Opening Tables scalability

I was restarting MySQL on box with 50.000 of Innodb tables and again it took couple of hours to reach decent performance because of “Opening Tables” stage was taking long.

Part of the problem is Innodb is updating stats on each table open which is possibly expensive operation, but really it is only great test case for general MySQL problem.

During warmup process I noticed I get very low CPU usage and disk Usage and IOWait about 25% (4CPU box) which indicates table opens and stats updates are serialized rather than performed in parallel.

I’ve checked with Heikki and he confirmed MySQL has global table cache mutex (LOCK_open) which is held for all open table operation so table opens are serialized.

Do not think however it is only Innodb problem. I’ve seen similar problems with MyISAM – these also take few IO operations to open and could take quite a while to close if there were unflushed key blocks and we have no idea what other storage engines may do to perform table open – some may need network operation etc.

In general I think it is extremely poor design choice to have global mutexes for anything which may require blocking physical IO or network operation if you care about scalability. MySQL has same problem with key buffer but that was fixed in MySQL 4.1, this one still remains.

I do not blame Monty – implementing first MySQL version in 3 months he had to take shortcuts and implement most simple solutions for many things. Now years later and having 50+ developers this should have been fixed.

Until this is fixed it is especially important to keep your table_cache large enough so table opens will be rare (I use 1/sec as a number to worry about) and also worry about possible limited performance while table cache is being warmed up in addition to all other caches 🙂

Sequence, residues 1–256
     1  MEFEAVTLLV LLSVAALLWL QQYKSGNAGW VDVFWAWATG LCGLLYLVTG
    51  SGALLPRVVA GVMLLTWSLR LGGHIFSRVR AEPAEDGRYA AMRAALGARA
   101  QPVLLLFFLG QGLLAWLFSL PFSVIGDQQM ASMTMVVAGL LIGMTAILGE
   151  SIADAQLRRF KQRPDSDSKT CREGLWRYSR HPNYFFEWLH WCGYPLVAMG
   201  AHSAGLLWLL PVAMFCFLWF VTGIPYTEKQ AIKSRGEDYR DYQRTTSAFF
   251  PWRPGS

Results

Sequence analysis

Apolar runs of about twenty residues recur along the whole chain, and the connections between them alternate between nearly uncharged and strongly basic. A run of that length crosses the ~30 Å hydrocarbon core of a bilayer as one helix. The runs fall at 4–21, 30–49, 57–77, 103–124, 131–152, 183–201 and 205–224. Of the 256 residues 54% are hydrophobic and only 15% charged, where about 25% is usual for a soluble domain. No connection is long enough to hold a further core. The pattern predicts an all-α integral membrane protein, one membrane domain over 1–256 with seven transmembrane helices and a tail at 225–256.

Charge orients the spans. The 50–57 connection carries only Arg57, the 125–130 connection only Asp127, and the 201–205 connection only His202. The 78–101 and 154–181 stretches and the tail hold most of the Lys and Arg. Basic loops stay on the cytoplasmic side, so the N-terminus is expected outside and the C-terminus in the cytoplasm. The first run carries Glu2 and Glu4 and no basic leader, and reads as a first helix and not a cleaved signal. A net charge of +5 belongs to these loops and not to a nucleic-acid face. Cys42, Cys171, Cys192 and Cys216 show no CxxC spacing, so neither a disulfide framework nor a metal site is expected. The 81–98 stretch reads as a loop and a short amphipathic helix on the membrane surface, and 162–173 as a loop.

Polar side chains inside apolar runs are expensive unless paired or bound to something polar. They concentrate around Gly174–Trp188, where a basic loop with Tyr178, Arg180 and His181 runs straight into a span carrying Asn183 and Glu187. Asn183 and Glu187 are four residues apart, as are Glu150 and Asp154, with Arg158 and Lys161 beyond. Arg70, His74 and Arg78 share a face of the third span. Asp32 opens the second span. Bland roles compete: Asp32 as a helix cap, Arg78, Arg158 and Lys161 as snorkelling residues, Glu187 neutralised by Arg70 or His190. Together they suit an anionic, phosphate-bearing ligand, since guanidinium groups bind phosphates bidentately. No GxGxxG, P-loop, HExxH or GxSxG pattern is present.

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Comments (27)

  • med amine

    I am an engineering student, and I am working on the subject of mysql database sharding. ds you can suggest me books or links useful for my work .. thank you in advance ..

    November 21, 2006 at 12:00 am
  • Jay Pipes

    Hi Peter!

    Tell me, does the table_definition_cache/table_open_cache split in 5.1 resolve these issues, or is that a separate thing?



    November 21, 2006 at 10:32 am
  • Frank Mash

    Hey Peter,

    Wassup man.

    Why do you have 50,000 tables on one server?

    Just curious 🙂

    November 21, 2006 at 9:23 pm
  • peter


    Honestly I do not know. Have not tested with 5.1 as that one is production. You can check with developers and proudly tell me “all table cache global locks are removed in 5.1” if it is the case 🙂

    November 22, 2006 at 4:06 am
  • peter


    50.000 tables is probably a bit too many but many tables per server often is much better then single set of large tables, even if you use Innodb.

    You can get better clustering of data together so local operations are faster, each of tables fits in memory completely so batch operations like purging etc go much faster than they would go with single large table, not to mention ALTER TABLE, OPTIMIZE TABLE etc.

    It also makes it easier to transfer table to other server if needed etc.

    I know it looks quite contradicting to DBMS theory which teaches to use large table and let DBMS to do it job but in practice it may not be always best 🙂

    November 22, 2006 at 4:51 am
  • James Day

    Frank, there are people who have more than 100,000 tables on a server. It’s one reason why the InnoDB data dictionary in RAM was made 50-70% smaller in 5.1 and why a couple of other InnoDB changes have been made in 5.0 and 5.1 to speed up handling of lots of tables.

    We had a feature request recently from someone who wanted more than 32,000 databases on a file system that couldn’t handle that many subdirectories, so the MySQL database count was limited by that. No current plans to do this.

    The InnoDB stats continue to be quite frustrating, since the sample size isn’t big enough to give consistent query results at larger table sizes and the overhead at opening is annoying. It’d be nice if it remembered the stats and refreshed occasionally, or perhaps added to them in the background during use.